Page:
As is often the case in workers' compensation, various stakeholders in the drug delivery process exploit loopholes or create new variations of drugs to bypass existing controls. This has proven true with topical custom compound drugs. After Healthesystems, a Tampa-Fla.-based PBM and ABM, affected a decrease in the volume of topical custom compounds, it wasn't surprised to see a corresponding rise in the number of prescriptions for two other kinds of topical products. As a result, the company deployed program adjustments to curb the growing trend.
Prescriber Outreach is Critical
According to Robert Goldberg, MD, FACOEM, chief medical officer at Healthesystems, and a past president of the American College of Occupational and Environmental Medicine, the growing trend should cause payers concern on several fronts. "We are seeing prescribers shift away from topical custom compounds toward the next generation of topical products -- private-labeled and homeopathic topicals prescribed to treat pain. When we reach out to prescribers to educate them about the lack of proven efficacy, potential risks to patients and the high cost of these formulations, they generally welcome the information and adjust their prescribing habits. However, this doesn't remove the concern of the limited understanding about these products." The market for these topical products is growing fast along with their price tags.
Private-labeled and homeopathic topical products are fraught with some of the same financial and patient safety concerns as topical custom compounds -- and carry their own considerations. They are generally billed to the insurance payer on paper bills and, depending on the bill processing workflow, likely escape the normal drug review edits that could identify harmful interactions and other adverse therapy risks. None are FDA-approved or have been tested for efficacy. And based on a lack of clinical study results, patients using these products are not likely to experience pain relief. Yet, due to the lack of systematic oversight, they are frequently approved and/or paid despite their exclusion from drug plans.
Private-labeled topicals exploit a loophole in the FDA regulations regarding dietary supplements and the 1962 amendment to the Food Drug & Cosmetic Act. They contain only over-the-counter (OTC) ingredients such as high-potency methyl salicylate, menthol, camphor or homeopathic agents which are found in products such as Icy Hot(r).
-- These mixtures largely approximate OTC formulations but come with substantially higher prices justified by the manufacturer because of the higher concentrations of some ingredients contained in their OTC counterparts.
-- Methyl salicylate and menthol products present safety concerns because rare but severe skin burns have been reported. This resulted in an FDA warning for over-the-counter products, all of which contain much lower concentrations of the ingredients than the private-labeled versions.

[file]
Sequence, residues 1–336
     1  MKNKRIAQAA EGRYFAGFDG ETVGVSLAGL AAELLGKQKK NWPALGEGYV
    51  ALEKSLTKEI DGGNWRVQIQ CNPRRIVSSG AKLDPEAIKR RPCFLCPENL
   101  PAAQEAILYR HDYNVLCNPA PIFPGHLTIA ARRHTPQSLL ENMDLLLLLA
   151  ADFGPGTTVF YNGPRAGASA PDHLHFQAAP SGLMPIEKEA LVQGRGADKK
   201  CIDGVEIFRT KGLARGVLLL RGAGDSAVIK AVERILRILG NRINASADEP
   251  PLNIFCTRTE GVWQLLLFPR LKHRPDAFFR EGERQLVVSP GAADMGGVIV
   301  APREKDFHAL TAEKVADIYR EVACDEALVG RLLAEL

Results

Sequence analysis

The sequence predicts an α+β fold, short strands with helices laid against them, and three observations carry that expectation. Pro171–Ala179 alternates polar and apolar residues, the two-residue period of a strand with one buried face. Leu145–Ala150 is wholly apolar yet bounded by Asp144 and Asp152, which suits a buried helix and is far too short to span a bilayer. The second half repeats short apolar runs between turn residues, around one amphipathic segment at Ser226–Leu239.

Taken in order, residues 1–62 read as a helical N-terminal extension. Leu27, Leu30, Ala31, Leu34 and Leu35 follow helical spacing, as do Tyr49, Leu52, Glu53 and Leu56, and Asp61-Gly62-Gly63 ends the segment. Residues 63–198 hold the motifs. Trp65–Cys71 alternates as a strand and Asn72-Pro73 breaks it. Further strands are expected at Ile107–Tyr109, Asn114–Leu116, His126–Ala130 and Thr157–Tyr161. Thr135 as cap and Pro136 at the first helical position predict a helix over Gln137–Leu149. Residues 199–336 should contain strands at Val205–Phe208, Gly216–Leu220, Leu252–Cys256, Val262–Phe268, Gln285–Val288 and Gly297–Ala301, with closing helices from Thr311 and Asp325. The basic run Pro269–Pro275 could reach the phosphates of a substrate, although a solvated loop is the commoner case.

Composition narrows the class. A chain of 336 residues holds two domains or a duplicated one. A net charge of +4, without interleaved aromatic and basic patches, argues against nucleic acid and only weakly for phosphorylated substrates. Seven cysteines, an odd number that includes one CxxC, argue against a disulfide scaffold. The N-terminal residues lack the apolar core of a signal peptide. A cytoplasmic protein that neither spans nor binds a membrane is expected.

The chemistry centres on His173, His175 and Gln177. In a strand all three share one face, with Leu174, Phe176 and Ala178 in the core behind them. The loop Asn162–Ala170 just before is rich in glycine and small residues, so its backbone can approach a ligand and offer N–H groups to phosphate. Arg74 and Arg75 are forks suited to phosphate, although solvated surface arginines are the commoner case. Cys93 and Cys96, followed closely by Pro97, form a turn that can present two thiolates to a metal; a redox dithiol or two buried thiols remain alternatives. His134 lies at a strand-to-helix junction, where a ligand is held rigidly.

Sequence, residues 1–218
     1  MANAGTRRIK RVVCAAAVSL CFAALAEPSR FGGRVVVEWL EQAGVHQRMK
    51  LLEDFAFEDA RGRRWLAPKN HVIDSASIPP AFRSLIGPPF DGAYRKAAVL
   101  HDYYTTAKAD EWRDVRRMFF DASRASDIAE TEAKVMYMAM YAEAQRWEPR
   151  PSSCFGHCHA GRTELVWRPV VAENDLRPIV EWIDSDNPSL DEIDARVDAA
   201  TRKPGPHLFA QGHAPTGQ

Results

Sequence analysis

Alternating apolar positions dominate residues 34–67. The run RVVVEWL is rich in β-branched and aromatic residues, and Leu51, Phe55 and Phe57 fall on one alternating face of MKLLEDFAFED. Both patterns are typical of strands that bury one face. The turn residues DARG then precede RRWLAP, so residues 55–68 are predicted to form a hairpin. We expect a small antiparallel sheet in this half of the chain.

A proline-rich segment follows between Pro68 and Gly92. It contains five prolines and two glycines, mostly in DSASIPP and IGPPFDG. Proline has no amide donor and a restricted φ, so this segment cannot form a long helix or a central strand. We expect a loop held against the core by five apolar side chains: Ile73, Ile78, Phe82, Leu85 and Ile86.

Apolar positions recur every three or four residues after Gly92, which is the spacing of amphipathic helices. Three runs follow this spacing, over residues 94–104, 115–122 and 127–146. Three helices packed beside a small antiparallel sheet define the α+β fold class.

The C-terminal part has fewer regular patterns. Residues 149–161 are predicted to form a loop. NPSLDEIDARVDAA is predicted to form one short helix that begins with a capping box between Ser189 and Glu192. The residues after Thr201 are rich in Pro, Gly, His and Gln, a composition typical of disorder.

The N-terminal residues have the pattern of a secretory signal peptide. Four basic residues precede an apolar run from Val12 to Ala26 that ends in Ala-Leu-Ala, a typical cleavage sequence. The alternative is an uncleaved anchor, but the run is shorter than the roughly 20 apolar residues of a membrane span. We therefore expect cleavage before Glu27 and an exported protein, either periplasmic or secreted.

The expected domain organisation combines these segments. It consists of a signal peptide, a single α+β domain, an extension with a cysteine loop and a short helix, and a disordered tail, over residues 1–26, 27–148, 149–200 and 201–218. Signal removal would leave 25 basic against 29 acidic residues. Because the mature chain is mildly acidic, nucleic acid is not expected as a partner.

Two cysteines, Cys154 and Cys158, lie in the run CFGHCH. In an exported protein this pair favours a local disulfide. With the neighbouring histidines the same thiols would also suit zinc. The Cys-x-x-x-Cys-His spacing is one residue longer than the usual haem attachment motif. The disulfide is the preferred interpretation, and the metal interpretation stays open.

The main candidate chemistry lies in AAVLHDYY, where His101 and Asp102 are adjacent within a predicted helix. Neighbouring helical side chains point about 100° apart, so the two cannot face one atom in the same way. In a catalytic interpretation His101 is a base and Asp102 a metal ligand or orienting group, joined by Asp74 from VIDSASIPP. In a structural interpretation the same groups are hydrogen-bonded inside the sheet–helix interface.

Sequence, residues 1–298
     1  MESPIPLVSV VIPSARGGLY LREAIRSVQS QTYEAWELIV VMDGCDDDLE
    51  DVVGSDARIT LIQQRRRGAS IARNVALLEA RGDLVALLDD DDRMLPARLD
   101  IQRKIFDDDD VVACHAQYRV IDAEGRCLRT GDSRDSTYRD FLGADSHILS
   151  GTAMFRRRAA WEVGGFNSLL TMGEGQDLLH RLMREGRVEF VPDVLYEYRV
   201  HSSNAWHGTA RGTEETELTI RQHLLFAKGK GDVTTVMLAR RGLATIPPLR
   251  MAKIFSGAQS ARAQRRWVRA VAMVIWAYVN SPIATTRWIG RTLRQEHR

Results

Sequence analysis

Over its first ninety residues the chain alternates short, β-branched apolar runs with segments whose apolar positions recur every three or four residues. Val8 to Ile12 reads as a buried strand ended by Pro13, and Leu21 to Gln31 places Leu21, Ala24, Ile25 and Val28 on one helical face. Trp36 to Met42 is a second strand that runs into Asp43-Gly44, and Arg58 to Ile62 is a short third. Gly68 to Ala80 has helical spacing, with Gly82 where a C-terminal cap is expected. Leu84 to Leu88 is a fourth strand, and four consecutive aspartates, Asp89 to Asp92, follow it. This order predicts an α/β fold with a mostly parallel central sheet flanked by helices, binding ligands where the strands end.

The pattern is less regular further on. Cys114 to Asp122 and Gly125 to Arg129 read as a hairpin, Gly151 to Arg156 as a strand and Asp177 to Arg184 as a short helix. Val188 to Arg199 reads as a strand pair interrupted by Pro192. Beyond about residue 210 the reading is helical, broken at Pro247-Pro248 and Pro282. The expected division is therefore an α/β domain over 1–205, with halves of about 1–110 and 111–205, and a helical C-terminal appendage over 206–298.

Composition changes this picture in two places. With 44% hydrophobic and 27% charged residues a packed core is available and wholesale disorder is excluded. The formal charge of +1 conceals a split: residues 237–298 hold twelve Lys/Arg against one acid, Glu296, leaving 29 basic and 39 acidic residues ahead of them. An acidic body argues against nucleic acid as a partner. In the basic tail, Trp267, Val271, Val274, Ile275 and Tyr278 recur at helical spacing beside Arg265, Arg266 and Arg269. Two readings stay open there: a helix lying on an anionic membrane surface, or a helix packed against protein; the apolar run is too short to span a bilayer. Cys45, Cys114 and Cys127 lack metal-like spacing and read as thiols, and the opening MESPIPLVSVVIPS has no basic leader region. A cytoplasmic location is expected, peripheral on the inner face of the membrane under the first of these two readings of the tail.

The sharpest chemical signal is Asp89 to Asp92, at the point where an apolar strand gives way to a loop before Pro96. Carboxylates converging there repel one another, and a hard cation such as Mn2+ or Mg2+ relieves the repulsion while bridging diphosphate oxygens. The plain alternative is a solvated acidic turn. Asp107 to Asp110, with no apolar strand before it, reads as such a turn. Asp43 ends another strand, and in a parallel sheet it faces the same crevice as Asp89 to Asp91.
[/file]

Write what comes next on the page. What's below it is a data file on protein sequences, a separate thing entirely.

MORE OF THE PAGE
-- Their brand names confer legitimacy that can mislead prescribers into thinking they contain prescription drugs.
Homeopathic topical products contain extremely dilute substances and may not pose a direct harm to patients. Homeopathic theory purports that these products stimulate the body's own healing, which runs counter to the findings of evidence-based medicine.
-- There is no expiration dating required on the products.
-- These topicals are expensive and prices vary widely.
Before they can manage and control these next generation topicals, payers must first acknowledge the problems they present and develop strategies to uncover their existence. These products are akin to several other hidden cost drivers in workers' compensation that fly under the radar. The complexities involved in identifying and managing them take special expertise.
Explained Dr. Goldberg, "At Healthesystems, our clinical team works closely with our technology team to create the complex system logic and edits needed to identify and manage these cost drivers."
Due to the serious patient safety concerns, lack of proven efficacy and the inflated costs associated with these compounds, Healthesystems recommends that payers question the medical necessity for these topical products and seek clarification from the prescriber for the choice of these products.
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(The above piece is part of our continuing Insights series designed to highlight key products and services to our readers. This paid-for Insights
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September 11, 2013
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